The Government has announced more than 300 projects which will share a £900 million investment to build homes, infrastructure and create jobs as part of the country’s economic recovery from coronavirus.
The successful projects in England will receive a portion of the £900 million Getting Building Fund, announced by the Prime Minister in June, with the investment expected to deliver up to 45,000 homes, create up to 85,000 jobs and reduce around 65 million kgs of CO2 emissions across the country.
Housing Secretary Robert Jenrick said the funding will not only “give a much needed boost” to the country’s economic recovery after the pandemic, but will also “help build the good quality, affordable homes the country needs”.
Recipients of the funding include £23 million for the first phase of the development of a commercial space at Mayfield Park in Greater Manchester, which is expected to create 3,200 jobs.
Also listed are a £14.88 million investment to accelerate the National Brownfield Land Institute, a project aiming to create a leader in sustainable construction and £12 million to support a new high-speed railway station in Thanet, Kent.
The Government has also confirmed a £360 million investment in Mayoral Combined Authority areas through its £400 million Brownfield Fund, which it is believed will deliver a further 26,000 homes while protecting greenfield sites.
A further £8 million of funding has also been announced to help speed up the delivery of these new homes on brownfield sites.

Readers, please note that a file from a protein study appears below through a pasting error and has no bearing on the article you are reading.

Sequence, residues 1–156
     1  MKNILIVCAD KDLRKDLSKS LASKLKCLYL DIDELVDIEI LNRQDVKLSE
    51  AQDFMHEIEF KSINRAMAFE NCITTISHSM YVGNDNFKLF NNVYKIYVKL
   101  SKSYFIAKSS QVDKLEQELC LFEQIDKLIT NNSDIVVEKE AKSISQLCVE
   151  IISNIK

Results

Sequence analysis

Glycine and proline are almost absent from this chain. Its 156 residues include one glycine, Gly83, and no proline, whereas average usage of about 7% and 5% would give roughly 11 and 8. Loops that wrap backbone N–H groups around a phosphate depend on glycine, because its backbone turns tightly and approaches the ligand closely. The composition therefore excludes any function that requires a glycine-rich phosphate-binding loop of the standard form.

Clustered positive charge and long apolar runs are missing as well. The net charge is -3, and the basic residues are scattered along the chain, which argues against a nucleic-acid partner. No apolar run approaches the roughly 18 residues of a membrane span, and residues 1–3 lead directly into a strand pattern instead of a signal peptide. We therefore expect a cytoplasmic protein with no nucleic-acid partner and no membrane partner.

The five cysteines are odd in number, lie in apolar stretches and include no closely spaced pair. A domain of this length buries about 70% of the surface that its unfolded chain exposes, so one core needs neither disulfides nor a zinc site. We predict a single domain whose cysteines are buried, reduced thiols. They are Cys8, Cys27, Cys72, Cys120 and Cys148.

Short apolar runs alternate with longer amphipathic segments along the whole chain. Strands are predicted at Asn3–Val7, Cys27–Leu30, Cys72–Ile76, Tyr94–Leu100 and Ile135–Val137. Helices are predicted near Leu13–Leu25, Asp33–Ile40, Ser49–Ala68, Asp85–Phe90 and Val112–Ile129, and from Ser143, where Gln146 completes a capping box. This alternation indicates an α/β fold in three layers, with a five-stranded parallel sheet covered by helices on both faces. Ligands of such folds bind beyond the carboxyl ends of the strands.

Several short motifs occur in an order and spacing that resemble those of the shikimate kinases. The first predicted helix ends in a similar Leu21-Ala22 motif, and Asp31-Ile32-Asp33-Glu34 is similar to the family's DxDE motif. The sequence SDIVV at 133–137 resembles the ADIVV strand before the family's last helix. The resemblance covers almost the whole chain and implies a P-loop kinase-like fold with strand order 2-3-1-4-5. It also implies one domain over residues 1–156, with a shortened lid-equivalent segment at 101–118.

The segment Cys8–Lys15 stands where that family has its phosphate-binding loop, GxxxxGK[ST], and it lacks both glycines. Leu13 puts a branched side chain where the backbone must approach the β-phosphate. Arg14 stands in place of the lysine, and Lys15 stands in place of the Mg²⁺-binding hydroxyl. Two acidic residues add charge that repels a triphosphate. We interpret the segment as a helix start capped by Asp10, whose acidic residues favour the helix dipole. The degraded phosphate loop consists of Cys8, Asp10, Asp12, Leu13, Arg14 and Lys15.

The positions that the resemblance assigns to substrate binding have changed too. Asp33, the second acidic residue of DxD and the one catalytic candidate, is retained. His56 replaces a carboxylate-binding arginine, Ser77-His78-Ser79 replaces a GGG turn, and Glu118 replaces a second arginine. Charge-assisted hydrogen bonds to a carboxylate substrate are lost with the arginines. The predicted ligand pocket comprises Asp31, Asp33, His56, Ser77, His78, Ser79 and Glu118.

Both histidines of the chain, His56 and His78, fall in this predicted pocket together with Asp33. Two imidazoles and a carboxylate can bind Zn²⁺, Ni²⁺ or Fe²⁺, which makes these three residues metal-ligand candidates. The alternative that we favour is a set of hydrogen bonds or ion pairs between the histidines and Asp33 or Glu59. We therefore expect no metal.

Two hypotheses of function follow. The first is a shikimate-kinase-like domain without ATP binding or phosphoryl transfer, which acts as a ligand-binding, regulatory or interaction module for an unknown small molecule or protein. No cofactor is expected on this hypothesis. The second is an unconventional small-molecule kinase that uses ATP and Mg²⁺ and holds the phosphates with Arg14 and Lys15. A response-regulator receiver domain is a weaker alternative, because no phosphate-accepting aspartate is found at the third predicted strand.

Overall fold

Mr Jenrick said: “As we get Britain building we are also laying the foundations for a green economic recovery by investing in vital infrastructure for local communities, creating jobs and building environmentally-friendly homes with a huge £1.3 billion investment announced today.
“This Government is determined to level up all parts of the country and this funding will not only give a much needed boost to our economic recovery, it will help build the good quality, affordable homes the country needs.”
Details of the Government’s new £2 billion Green Homes Grant scheme, which will see the Government fund up to two-thirds of the cost of home improvements of more than 600,000 homes, have also been announced.
To take part in the scheme, tradespeople must register for TrustMark accreditation which will cover green home improvements ranging from wall insulation, floors and roofs to the installation of low-carbon heating – measures which the Government says could help homeowners save up to £600 a year on their energy bills.
Households on low income can receive vouchers covering 100% of the cost of the improvements, up to a maximum of £10,000.
Business Secretary Alok Sharma said: “Green home improvements will save people money on their energy bills, help to cut carbon emissions, and create new work for many thousands of builders, plumbers and other tradespeople.
“Our TrustMark scheme will guarantee that building work is completed to a high standard by accredited tradespeople, ensuring consumers are fully protected.”